In a time before televised countdowns, Newfoundlanders and Labradorians marked the stroke of midnight on New Year's Eve with a volley of gunshots.

Sometimes called a feu de joie — French for fire of joy — a gun salute was a common way to welcome dignitaries and celebrate special occasions in the 18th and 19th centuries.

Almost every rural household would have had a rifle. It was an essential tool for the subsistence work of hunting and sealing, as well as for protecting livestock from predators like wolves and foxes. 

Apart from its practical function, a rifle was also a handy way of making a joyful noise. 

Newfoundlanders and Labradorians fired their guns to celebrate taking the Christmas pudding out of the oven, the end of a wedding ceremony and the departure of newlyweds on their honeymoon.

On New Year's Eve, the custom was to fire two shots at the toll of midnight: one to drive out the old year and a second to ring in the new.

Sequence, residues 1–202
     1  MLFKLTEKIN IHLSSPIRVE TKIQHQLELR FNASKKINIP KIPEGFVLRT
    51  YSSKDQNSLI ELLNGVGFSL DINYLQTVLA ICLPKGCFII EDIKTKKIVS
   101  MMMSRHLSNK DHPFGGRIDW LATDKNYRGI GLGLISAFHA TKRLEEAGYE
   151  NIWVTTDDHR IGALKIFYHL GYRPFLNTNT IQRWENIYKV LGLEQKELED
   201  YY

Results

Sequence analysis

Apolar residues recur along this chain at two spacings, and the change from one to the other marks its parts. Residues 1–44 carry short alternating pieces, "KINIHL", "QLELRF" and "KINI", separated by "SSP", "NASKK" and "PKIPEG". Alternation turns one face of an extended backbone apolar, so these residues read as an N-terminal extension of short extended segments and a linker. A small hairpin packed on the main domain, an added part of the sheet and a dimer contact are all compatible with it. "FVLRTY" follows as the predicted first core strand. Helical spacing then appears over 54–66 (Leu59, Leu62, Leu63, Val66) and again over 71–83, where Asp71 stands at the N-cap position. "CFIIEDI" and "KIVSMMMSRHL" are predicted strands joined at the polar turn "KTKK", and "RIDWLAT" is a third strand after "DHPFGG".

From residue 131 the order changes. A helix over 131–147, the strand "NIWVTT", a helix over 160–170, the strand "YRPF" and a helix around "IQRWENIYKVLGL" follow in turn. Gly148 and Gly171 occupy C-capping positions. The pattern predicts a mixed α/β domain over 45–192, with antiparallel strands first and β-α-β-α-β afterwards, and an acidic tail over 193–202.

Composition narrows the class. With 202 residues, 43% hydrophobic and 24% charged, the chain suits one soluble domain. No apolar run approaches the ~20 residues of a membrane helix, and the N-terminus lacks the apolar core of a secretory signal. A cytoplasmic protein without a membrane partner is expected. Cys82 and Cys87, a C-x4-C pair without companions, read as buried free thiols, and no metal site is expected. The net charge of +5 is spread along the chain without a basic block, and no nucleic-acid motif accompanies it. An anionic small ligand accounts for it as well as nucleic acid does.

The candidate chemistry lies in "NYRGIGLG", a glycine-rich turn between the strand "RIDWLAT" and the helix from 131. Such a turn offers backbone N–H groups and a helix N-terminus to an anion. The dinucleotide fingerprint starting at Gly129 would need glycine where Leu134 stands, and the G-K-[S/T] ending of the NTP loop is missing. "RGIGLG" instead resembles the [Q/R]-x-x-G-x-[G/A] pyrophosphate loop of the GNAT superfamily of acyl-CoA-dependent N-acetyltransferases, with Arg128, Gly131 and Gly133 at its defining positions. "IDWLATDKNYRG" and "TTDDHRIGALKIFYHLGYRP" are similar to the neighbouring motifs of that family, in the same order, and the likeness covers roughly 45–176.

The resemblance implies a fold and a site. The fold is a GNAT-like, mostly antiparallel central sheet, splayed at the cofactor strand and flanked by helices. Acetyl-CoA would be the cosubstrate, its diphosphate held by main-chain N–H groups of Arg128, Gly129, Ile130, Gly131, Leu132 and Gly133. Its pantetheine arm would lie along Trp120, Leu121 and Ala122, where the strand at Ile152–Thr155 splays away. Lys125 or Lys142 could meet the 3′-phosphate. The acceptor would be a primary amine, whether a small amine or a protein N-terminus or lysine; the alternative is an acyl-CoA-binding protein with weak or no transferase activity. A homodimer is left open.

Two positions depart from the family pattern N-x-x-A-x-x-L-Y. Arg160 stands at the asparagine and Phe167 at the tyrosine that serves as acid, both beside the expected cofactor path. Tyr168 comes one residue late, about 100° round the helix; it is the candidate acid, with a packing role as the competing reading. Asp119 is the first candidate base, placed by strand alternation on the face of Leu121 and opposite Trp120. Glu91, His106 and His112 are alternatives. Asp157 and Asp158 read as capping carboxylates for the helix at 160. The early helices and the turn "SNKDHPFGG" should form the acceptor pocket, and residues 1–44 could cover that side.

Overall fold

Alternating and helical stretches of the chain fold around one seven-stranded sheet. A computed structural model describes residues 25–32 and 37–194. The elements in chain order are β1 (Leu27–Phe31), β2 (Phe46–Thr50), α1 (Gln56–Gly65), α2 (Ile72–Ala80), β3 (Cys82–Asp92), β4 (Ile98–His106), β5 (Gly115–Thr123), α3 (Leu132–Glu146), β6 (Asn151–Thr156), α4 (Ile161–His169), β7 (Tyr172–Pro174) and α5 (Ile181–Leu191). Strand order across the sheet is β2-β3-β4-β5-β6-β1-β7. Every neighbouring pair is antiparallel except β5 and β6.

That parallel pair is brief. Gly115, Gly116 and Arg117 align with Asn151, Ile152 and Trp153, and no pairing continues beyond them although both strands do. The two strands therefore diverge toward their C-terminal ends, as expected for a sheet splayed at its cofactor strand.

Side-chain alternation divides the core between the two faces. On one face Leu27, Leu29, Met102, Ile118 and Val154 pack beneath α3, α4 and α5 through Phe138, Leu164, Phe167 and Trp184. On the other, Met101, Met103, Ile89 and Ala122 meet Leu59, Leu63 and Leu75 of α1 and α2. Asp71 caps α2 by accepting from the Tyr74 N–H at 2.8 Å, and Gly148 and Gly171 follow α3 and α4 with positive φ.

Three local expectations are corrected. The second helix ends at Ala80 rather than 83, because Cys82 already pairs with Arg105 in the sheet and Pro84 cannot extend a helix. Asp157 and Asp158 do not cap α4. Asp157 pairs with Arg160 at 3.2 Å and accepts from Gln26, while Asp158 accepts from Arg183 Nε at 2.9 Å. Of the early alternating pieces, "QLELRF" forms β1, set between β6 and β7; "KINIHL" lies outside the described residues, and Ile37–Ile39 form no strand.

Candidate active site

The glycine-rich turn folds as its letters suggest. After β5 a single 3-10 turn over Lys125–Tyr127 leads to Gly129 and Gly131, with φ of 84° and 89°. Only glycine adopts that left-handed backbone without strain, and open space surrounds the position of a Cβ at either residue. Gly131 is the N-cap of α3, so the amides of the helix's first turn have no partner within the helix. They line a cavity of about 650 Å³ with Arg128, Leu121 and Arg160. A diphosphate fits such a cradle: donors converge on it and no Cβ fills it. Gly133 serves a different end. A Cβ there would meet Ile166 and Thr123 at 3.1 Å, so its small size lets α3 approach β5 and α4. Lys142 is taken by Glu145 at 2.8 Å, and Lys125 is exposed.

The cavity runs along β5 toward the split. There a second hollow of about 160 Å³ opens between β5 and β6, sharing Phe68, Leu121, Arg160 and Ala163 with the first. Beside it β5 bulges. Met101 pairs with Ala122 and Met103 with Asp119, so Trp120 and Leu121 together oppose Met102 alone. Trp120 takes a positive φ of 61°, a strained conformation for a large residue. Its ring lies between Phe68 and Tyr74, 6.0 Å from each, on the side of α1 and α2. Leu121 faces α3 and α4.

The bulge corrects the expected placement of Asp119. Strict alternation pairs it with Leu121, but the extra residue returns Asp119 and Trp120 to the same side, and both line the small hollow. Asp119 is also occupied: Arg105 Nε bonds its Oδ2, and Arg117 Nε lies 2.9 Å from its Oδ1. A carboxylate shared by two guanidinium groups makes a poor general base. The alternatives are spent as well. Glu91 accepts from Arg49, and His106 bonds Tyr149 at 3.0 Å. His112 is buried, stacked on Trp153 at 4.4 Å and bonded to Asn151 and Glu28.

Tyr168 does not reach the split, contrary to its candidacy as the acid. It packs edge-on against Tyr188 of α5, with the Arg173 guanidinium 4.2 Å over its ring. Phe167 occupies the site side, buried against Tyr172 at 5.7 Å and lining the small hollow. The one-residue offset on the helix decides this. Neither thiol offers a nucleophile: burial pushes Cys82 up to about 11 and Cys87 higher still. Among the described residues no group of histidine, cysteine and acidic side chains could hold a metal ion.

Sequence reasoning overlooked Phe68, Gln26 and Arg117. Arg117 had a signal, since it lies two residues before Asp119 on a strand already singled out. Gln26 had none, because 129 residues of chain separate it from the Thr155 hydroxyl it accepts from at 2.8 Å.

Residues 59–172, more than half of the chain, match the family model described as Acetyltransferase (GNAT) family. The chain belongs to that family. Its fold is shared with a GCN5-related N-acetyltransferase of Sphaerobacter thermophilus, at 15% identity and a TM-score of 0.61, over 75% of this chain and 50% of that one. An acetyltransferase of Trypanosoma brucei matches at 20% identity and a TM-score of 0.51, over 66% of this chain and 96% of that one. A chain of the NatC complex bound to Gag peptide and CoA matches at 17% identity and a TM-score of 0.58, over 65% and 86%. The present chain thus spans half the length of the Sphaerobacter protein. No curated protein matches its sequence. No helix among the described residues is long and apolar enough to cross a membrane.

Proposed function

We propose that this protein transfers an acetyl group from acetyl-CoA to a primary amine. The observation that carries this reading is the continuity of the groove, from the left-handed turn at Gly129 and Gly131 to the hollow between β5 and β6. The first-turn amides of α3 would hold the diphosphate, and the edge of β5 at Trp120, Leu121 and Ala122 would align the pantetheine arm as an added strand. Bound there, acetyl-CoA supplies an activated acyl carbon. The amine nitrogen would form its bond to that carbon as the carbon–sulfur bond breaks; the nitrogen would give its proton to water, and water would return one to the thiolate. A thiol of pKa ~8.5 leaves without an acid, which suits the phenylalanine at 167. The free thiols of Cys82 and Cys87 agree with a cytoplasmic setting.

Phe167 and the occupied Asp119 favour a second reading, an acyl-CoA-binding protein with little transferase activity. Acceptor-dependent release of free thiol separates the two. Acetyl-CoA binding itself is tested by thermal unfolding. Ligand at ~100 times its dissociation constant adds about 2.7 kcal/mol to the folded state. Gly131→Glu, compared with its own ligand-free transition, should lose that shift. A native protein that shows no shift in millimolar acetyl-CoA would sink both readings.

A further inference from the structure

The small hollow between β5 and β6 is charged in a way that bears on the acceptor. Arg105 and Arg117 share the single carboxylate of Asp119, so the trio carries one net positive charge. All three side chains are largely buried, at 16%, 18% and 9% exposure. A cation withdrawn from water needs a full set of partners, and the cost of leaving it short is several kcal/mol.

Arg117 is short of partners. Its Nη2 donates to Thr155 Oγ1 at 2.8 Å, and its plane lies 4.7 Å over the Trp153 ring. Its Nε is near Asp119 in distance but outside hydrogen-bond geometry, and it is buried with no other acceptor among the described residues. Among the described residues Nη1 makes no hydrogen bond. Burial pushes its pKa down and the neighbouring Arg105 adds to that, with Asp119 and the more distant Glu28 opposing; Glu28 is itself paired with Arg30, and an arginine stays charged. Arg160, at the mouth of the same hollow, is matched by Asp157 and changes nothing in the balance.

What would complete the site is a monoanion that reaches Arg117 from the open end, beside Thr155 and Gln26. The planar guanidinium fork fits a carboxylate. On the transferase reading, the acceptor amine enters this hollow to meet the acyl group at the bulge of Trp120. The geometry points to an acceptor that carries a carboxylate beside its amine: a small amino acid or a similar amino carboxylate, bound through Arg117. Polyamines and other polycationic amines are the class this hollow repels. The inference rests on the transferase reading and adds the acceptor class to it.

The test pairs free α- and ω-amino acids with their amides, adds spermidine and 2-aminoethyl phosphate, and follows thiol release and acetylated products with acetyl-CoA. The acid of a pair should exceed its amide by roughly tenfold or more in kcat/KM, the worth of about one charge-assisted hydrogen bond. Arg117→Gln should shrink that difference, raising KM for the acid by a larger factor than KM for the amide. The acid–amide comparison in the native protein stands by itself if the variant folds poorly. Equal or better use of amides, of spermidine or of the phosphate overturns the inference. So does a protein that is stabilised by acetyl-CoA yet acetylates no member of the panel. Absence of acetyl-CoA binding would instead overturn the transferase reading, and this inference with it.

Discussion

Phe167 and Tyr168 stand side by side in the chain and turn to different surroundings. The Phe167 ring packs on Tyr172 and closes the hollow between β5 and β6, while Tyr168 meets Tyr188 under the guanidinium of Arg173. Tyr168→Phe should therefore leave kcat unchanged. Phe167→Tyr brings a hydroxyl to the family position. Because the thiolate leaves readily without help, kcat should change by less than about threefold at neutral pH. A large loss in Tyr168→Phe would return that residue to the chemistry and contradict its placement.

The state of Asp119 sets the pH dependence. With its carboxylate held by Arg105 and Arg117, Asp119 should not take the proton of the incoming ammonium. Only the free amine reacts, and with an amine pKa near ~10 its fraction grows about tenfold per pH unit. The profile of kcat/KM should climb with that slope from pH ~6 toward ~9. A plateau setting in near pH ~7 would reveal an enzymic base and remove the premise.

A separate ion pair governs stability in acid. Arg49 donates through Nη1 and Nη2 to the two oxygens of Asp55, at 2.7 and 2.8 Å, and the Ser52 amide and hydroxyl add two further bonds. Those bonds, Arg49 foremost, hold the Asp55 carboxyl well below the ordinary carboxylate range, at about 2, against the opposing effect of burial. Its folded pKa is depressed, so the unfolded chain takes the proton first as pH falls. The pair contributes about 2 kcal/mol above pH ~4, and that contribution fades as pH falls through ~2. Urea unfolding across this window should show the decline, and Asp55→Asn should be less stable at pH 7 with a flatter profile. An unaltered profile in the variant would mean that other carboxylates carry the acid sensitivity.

Noise-makers have been part of New Year's festivities for millennia. 

Read more at CBC News here

Head to your local range and make a joyful noise of your own!



Find out more here

What is the CCFR Insiders group?  

  • A group for those providing recurring donations (via our website or Patreon) of $20.00 CAD/month or more.
  • Insiders get a 90 minute zoom meeting with one or both Tracey Wilson & Rod Giltaca every month (or so).
  • In each meeting, we will have giveaways in the form of CCFR store credits. People who attend the zoom meetings will be entered into the draws.
  • All insiders will be also be entered in exclusive draws from time to time, regardless of whether they make it to our zoom meetings.
  • Insiders are able to ask questions directly, receive news and insights before the general membership, hear about upcoming projects, etc.

Ready to join the Insiders group? Sign up for automatic monthly donations here.